I watched Blade Runner in my early twenties when I was feeling depressed; and rather than it being something inspirational, it just did my head in (along with trying to read Philip K. Dick’s A Scanner Darkly). I just ended up associating Vangelis‘ sweeping synth notes with a bleak kind of ‘Sunday’ depression.
But seriously, over the years, the more of his music I have heard, the more it has impressed me — where I’ve now reached a point where I feel that it was some of the best of last century. Along with Giorgio Moroder and Jean-Michel Jarre, he was a lion of electronic music, completely changing the sound of what was acceptable in cinema, of what kind of music could accompany images.
Though most popularly known for his ‘Chariots of Fire’ theme, his music also appeared in the The Year of Living Dangerously by Australian director Peter Weir. Although the piece used — ‘L’Enfant’ from the album Opera Sauvage — had not been specifically written for the movie, it still worked perfectly thanks to Peter Weir’s knack for using music to base his scenes around.
Vangelis’ compositions usually build and build through simple and repetitive melodies, before majestically bursting out at the end into some epic breakaway theme. Most of his best work, like Alpha, which was used in the Carl Sagan TV series, Cosmos, can be best described as ‘haunting’: once you hear it, you will never forget it.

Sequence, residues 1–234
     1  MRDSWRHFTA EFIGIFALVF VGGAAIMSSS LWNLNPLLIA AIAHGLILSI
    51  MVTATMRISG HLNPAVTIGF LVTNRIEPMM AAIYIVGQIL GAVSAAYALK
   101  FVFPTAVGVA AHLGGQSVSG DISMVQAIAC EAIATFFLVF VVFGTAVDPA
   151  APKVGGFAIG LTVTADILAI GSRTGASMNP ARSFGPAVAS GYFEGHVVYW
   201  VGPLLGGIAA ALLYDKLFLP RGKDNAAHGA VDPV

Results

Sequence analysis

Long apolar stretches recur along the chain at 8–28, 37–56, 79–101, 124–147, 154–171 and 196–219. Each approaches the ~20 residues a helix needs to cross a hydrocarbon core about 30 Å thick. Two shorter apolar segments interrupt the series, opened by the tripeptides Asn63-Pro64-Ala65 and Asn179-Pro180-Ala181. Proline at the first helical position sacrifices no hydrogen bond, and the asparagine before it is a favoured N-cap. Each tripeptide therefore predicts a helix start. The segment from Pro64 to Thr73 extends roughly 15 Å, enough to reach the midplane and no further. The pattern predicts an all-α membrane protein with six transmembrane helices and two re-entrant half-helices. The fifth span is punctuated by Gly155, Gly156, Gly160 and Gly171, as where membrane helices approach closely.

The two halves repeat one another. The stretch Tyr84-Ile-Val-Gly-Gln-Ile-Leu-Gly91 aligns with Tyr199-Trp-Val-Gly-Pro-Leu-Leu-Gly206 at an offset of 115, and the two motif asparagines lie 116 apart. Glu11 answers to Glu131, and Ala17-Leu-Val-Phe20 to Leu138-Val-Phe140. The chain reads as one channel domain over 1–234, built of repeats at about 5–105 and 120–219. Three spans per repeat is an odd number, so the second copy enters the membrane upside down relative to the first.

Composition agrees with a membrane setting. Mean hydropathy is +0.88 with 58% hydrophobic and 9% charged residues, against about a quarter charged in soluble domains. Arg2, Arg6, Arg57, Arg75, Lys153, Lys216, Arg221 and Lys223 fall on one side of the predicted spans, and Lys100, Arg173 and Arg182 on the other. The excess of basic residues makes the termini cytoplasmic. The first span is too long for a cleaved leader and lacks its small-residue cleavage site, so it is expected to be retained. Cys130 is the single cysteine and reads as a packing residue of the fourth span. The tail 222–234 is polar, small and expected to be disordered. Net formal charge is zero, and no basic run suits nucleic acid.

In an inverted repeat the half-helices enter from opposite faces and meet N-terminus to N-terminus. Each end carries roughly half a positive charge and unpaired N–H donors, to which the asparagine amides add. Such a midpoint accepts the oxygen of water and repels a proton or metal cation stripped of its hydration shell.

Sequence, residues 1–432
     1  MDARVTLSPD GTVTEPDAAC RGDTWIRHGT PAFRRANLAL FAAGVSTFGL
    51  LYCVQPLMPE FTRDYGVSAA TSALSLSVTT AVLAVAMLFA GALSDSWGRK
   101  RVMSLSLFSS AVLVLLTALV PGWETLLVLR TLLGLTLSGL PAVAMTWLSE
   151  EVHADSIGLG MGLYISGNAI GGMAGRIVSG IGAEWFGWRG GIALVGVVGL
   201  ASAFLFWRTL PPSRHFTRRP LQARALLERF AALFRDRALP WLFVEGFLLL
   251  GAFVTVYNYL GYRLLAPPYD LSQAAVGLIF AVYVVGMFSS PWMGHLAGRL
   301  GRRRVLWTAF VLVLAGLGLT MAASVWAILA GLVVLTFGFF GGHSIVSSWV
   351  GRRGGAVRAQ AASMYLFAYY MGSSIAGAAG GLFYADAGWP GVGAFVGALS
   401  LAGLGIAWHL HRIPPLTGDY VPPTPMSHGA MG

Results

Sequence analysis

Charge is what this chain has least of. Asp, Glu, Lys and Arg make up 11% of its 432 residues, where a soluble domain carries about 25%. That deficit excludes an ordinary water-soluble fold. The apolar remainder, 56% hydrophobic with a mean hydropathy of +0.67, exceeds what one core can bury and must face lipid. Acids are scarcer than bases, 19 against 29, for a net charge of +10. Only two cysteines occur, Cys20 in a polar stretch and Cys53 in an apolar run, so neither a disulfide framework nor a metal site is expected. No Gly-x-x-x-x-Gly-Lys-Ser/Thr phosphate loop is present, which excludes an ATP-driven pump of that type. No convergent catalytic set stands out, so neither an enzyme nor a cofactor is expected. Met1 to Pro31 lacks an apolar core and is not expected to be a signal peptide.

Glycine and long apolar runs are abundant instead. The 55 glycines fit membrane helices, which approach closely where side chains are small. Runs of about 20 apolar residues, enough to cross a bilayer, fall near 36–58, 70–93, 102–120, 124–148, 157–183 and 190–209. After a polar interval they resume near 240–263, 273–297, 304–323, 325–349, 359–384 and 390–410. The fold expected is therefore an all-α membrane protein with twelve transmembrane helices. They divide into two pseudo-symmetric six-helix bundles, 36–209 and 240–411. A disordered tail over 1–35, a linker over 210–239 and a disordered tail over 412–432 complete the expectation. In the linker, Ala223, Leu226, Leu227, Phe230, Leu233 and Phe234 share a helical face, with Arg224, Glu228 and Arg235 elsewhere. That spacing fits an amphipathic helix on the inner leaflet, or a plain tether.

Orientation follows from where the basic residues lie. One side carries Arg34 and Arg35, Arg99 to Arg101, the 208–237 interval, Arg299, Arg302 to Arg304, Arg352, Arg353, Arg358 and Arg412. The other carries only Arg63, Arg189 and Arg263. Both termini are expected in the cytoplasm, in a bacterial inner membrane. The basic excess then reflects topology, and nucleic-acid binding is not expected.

From what I have read about him, Vangelis always kept the tape running when he was experimenting, recording hundred of hours of music that he would then whittle down into these great pieces. He also did not have a ‘proper’ musical education, but was a mostly intuitive and self-taught composer.
Years later, I rewatched Blade Runner with a girlfriend, and I can tell you that I saw this film in a completely different light. Feeling excited, the romance of it came through, and I didn’t feel suffocated by the slow moving nature of the film. So it just goes to show how much your mind and mood has the power to influence your perception of things.